26. Pattanapanyasat K, Gonwong S, Chaichompoo P, et al. Activated platelet-derived microparticles in thalassaemia. Br J Haematol
27. Chamouard P, Desprez D, Hugel B, et al. Circulating cell-derived microparticles in Crohn's disease. Dig Dis Sci
28. Andoh A, Tsujikawa T, Hata K, et al. Elevated circulating platelet-derived microparticles in patients with active inflammatory bowel disease. Am J Gastroenterol
29. Pamuk GE, Vural O, Turgut B, et al. Increased circulating platelet-neutrophil, platelet-monocyte complexes, and platelet activation in patients with ulcerative colitis: a comparative study. Am J Hematol
30. Levine A, Griffiths A, Markowitz J, et al. Pediatric modification of the Montreal classification for inflammatory bowel disease: the Paris classification. Inflamm Bowel Dis
31. Hyams JS, Ferry GD, Mandel FS, et al. Development and validation of a pediatric Crohn's disease activity index. J Pediatr Gastroenterol Nutr
32. Turner D, Otley AR, Mack D, et al. Development, validation, and evaluation of a pediatric ulcerative colitis activity index: a prospective multicenter study. Gastroenterology
33. Hemker HC, Giesen P, AlDieri R, et al. The calibrated automated thrombogram (CAT): a universal routine test for hyper- and hypocoagulability. Pathophysiol Haemost Thromb
34. Ollivier V, Wang J, Manly D, et al. Detection of endogenous tissue factor levels in plasma using the calibrated automated thrombogram assay. Thromb Res
35. Sturk-Maquelin KN, Nieuwland R, Romijn FP, et al. Pro- and non-coagulant forms of non-cell-bound tissue factor in vivo. J Thromb Haemost
36. Schweintzger S, Schlagenhauf A, Leschnik B, et al. Microparticles in newborn cord blood: slight elevation after normal delivery. Thromb Res
37. Grainge MJ, West J, Card TR. Venous thromboembolism during active disease and remission in inflammatory bowel disease: a cohort study. Lancet
38. Butenas S, van’t Veer C, Mann KG. “Normal” thrombin generation. Blood
39. Cvirn G, Gallistl S, Leschnik B, et al. Low tissue factor pathway inhibitor (TFPI) together with low antithrombin allows sufficient thrombin generation in neonates. J Thromb Haemost
40. Cvirn G, Gallistl S, Rehak T, et al. Elevated thrombin-forming capacity of tissue factor-activated cord compared with adult plasma. J Thromb Haemost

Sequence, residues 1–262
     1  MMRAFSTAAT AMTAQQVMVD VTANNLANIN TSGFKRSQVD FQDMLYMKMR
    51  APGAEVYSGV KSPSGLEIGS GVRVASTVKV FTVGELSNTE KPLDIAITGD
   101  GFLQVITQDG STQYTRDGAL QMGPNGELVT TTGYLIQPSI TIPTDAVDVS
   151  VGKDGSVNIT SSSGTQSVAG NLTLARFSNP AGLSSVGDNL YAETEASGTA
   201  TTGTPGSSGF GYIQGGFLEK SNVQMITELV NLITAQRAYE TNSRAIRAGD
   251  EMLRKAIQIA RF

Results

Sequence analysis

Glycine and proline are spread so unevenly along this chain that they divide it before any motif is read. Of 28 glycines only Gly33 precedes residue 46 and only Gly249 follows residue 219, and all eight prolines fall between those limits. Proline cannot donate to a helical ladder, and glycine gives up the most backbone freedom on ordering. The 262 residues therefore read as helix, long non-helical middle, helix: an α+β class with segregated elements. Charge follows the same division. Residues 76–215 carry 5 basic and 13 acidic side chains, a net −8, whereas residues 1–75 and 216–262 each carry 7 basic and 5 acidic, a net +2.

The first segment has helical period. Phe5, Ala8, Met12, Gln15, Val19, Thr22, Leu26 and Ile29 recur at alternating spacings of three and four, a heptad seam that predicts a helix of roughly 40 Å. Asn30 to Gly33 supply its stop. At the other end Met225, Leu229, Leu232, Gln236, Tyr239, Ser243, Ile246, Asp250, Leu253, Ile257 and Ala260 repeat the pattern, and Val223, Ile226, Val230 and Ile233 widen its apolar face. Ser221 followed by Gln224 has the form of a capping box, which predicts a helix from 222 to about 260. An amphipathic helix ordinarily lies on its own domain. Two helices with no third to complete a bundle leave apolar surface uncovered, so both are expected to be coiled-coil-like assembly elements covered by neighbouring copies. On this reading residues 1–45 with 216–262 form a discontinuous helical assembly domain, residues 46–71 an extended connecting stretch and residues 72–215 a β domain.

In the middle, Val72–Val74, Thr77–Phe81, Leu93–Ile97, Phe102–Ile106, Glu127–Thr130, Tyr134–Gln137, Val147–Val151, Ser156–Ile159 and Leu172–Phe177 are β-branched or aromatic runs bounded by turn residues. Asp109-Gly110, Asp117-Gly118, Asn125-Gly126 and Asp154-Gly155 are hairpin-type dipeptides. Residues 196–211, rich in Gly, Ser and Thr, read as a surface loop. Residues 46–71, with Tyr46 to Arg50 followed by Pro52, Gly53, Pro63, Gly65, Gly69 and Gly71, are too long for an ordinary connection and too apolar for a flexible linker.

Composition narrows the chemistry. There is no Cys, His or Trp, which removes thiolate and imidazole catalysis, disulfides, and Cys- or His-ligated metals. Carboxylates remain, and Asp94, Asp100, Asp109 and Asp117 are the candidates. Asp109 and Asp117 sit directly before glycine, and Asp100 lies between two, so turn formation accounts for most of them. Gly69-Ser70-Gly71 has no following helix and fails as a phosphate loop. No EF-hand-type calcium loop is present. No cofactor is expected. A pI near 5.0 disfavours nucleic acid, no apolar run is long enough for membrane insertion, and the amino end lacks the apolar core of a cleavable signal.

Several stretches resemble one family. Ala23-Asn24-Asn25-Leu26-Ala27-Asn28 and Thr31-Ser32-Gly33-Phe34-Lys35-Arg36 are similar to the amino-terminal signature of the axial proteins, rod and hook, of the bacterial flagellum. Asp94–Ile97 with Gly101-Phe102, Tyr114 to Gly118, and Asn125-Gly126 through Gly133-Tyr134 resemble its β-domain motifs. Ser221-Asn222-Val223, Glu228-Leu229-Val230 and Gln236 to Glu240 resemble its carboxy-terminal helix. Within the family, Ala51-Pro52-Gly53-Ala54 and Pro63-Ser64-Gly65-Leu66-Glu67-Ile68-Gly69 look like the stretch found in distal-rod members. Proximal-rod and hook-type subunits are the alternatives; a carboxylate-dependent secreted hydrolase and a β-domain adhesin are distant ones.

41. Fritsch P, Cvirn G, Cimenti C, et al. Thrombin generation in factor VIII-depleted neonatal plasma: nearly normal because of physiologically low antithrombin and tissue factor pathway inhibitor. J Thromb Haemost
42. Brotman DJ, Girod JP, Posch A, et al. Effects of short-term glucocorticoids on hemostatic factors in healthy volunteers. Thromb Res
43. Bessissow T, Renard M, Hoffman I, et al. Review article: non-malignant haematological complications of anti-tumour necrosis factor alpha therapy. Aliment Pharmacol Ther
44. Szotowski B, Antoniak S, Poller W, et al. Procoagulant soluble tissue factor is released from endothelial cells in response to inflammatory cytokines. Circ Res
45. Yoshida H, Yilmaz CE, Granger DN. Role of tumor necrosis factor-alpha in the extraintestinal thrombosis associated with colonic inflammation. Inflamm Bowel Dis
46. Yoshida H, Russell J, Senchenkova EY, et al. Interleukin-1beta mediates the extra-intestinal thrombosis associated with experimental colitis. Am J Pathol
47. Meziani F, Tesse A, Andriantsitohaina R. Microparticles are vectors of paradoxical information in vascular cells including the endothelium: role in health and diseases. Pharmacol Rep
48. Ratajczak J, Wysoczynski M, Hayek F, et al. Membrane-derived microvesicles: important and underappreciated mediators of cell-to-cell communication. Leukemia
49. Sprague DL, Elzey BD, Crist SA, et al. Platelet-mediated modulation of adaptive immunity: unique delivery of CD154 signal by platelet-derived membrane vesicles. Blood